LOS ANGELES — The UFC is determined to fight on amid the coronavirus pandemic.

While leagues and organizers across sports canceled or delayed competition this week, the UFC proceeded with its plans to hold a fan-free event Saturday night in Brasilia, Brazil. Next weekend, the promotion still plans to stage a full fight card with fans inside London’s O2 Arena.

The UFC hasn’t canceled any competitions, even those previously scheduled for areas where large gatherings are now banned. Instead, the promotion has moved events scheduled for March 28 in Columbus, Ohio, and April 11 in Portland, Oregon, to the new UFC Apex complex in Las Vegas, where it has a small arena and television production capabilities.

UFC President Dana White attributes his decision to go against the sports world’s collective mindset partly to a conversation Thursday with President Trump and Vice President Mike Pence. White and Trump are longtime friends and business associates.

“I talked to the president and the vice president of the United States about this,” White said on ESPN, his promotion’s broadcast partner. “They’re taking this very serious. They’re saying, ‘Be cautious, be careful, but live your life and stop panicking.’ Everybody is panicking, and instead of panicking, we’re actually getting out there and working with doctors and health officials and the government to figure out how we can keep the sport safe and how we can continue to put on events.”

The UFC won’t have fans in the stands, but the competition will go on — and more importantly to the fighters, they’ll get paid in a sport with no financial compensation unless a fight actually takes place.

White said the UFC will monitor its fighters for symptoms of coronavirus before allowing them to compete.

“We’re always looking out for the health and safety of our fans, our athletes, whatever it might be,” White said. “This thing going on, we’re going to do the same thing. We’re going to make sure that two healthy athletes are competing, and these guys are good to go.”

NASCAR, INDYCAR CALL OFF EVENTS

NASCAR and IndyCar reversed course Friday and pulled the plug on racing this weekend, with IndyCar also suspending its season through the end of April due to concerns over the COVID-19 pandemic.

NASCAR called off Sunday’s race at Atlanta Motor Speedway and next weekend’s events at Homestead-Miami Speedway. Both events were already scheduled to be run without spectators.

IndyCar was scheduled to open its season Sunday on the streets of downtown St. Petersburg without fans. Formula One also canceled its season-opening race in Australia, leaving the first full weekend of global motorsports without a major event.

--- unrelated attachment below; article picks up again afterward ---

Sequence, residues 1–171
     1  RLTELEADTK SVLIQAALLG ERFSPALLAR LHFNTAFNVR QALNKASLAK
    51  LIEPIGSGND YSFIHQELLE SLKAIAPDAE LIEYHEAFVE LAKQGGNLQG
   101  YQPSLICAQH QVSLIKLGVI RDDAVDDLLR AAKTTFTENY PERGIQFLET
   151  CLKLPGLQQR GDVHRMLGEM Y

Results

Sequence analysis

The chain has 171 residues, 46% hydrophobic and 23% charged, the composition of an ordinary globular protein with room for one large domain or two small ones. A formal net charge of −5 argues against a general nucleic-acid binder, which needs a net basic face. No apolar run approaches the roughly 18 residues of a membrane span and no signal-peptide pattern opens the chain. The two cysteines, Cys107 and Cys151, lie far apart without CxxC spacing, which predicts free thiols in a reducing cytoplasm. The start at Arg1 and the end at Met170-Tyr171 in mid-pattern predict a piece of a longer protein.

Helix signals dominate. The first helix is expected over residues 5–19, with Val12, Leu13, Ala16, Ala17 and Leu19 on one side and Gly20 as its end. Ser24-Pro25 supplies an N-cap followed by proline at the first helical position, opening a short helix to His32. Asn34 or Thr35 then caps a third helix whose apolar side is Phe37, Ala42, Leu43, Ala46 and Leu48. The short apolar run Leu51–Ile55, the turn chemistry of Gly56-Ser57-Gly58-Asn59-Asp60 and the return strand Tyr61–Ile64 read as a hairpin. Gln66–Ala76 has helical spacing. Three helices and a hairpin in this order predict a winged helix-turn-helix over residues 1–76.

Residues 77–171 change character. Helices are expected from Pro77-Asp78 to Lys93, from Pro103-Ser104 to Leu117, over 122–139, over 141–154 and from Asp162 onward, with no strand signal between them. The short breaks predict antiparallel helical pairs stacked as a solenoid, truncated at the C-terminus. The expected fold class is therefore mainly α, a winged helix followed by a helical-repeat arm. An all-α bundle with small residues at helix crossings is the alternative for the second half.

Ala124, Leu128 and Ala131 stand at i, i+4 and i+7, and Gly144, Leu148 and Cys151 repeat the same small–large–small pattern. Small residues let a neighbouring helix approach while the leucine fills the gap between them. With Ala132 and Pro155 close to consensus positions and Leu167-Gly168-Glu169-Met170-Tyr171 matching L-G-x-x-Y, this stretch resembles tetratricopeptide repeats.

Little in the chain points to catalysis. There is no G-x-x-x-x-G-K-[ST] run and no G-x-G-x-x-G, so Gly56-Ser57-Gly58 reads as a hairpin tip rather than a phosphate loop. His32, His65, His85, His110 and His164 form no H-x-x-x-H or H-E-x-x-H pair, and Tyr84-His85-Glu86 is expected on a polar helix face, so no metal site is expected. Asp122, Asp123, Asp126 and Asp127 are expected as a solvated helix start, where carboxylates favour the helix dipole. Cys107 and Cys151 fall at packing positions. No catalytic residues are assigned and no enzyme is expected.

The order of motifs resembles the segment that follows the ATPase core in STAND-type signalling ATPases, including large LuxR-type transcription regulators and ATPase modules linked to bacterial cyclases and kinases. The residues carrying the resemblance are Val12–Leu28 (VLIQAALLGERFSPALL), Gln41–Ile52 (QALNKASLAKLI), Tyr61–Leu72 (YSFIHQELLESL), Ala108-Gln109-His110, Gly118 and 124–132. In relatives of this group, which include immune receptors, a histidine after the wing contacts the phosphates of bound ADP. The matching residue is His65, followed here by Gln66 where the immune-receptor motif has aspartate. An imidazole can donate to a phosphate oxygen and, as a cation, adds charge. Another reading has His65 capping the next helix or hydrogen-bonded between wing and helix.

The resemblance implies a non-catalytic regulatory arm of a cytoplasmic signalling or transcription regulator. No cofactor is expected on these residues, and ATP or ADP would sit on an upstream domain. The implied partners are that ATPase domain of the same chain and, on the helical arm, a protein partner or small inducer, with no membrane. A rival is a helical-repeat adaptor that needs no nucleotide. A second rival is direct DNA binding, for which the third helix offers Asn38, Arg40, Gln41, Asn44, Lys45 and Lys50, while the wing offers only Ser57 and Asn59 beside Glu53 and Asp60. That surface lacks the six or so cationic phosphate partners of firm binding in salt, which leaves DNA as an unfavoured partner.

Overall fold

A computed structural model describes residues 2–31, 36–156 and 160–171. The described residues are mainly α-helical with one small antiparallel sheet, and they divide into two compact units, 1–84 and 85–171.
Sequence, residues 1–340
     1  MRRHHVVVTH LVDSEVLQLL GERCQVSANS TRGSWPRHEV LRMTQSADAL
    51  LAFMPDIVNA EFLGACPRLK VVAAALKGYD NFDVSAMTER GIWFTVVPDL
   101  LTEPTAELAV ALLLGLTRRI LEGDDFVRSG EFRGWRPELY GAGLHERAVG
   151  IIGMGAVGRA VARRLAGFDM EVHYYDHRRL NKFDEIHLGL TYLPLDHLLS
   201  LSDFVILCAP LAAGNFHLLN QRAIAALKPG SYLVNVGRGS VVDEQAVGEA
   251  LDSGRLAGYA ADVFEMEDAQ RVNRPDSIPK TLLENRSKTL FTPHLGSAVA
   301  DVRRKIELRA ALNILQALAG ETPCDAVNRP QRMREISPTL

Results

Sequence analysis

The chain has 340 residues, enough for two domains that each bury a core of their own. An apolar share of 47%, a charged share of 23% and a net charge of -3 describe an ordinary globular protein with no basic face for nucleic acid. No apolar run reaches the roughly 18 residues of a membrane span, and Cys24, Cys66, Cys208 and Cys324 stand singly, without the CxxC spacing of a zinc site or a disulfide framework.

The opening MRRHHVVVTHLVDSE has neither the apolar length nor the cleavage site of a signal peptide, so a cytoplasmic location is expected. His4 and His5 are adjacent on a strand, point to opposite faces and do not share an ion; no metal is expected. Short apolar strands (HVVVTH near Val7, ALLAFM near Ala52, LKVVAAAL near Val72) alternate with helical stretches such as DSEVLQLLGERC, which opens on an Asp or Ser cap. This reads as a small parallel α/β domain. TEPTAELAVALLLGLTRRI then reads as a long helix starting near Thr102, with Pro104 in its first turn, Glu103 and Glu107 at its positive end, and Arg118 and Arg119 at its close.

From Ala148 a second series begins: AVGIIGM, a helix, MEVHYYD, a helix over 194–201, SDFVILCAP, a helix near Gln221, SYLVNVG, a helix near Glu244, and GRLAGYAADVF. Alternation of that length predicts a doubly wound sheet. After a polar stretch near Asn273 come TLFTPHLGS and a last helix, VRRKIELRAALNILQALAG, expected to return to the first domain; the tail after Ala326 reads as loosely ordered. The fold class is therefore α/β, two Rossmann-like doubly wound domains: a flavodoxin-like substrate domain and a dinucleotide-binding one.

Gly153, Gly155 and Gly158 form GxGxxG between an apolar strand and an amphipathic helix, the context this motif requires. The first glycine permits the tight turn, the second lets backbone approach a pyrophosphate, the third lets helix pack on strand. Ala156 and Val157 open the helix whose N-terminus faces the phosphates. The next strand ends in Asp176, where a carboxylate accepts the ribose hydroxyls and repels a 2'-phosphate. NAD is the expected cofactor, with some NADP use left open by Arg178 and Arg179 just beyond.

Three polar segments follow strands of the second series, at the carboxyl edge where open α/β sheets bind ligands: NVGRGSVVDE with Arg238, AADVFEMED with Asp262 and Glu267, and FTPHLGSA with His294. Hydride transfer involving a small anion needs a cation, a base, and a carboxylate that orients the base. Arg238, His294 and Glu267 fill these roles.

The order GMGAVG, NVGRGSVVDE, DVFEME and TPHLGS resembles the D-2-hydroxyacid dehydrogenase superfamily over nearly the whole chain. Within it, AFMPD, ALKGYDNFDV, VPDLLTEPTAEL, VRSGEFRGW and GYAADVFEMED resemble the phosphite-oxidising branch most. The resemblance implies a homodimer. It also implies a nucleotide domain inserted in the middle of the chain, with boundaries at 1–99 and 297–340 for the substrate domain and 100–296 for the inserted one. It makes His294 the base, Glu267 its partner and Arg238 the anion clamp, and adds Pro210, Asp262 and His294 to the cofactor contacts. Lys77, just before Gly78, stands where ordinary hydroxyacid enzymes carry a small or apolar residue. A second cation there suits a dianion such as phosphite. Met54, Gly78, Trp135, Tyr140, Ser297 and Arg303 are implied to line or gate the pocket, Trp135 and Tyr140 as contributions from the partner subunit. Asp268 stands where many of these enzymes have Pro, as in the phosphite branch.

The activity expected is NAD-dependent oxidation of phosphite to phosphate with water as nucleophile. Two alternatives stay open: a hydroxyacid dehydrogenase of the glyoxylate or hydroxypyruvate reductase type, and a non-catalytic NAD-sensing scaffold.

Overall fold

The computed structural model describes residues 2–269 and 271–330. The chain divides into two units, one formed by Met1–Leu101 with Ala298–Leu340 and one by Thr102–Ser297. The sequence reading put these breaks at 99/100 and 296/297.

Mark Miles, president and CEO of IndyCar parent company Penske Enterprises, said the about-face came as both IndyCar and NASCAR saw more and more events and attractions closing. He cited the cancellation mid-tournament of The Players Championship and the closure of theme parks as indicators public gatherings should not proceed.

“There’s a public health risk any time people are getting together,” Miles said. “Really, there isn’t a sporting event left that feels comfortable running even without fans. … We just felt like it was the right thing to do to not allow the opportunity for the racers to go racing here.”

It takes six to eight weeks to build a street course, which shuts down large portions of the host city. It is unlikely that St. Petersburg can host the event later this year because of the permits required. Miles also said the Grand Prix of Long Beach, scheduled for April 19, was officially canceled for 2020.

It was unknown what will happen to races in Birmingham, Alabama, and at Circuit of the Americas in Texas, two of the four April races canceled Friday by IndyCar.

NHL TELLS PLAYERS TO SELF-ISOLATE

The NHL is telling its players and staff to stay away from the rink and self-isolate while hockey is on a hiatus of unknown length during the coronavirus pandemic.

Commissioner Gary Bettman said Friday he was not aware of any player or league employee testing positive for the new coronavirus, but he can’t say for certain that no one is feeling ill or awaiting test results. The league announced Thursday it was putting its season on “pause,” but Bettman remains optimistic of resuming play and eventually awarding the Stanley Cup.

“That would be the goal,” Bettman said in a phone interview with The Associated Press and the NHL’s website. “Health, safety, well-being of the NHL family, especially and including our fans, is most important. If the business considerations and the money were the only thing, then we and a bunch of others would keep playing.”

Bettman told owners the first positive test result by any player would mean “all bets are off” and that the decision to suspend the season came after what happened in the NBA. There are some 700 players among the 31 NHL teams across North America.


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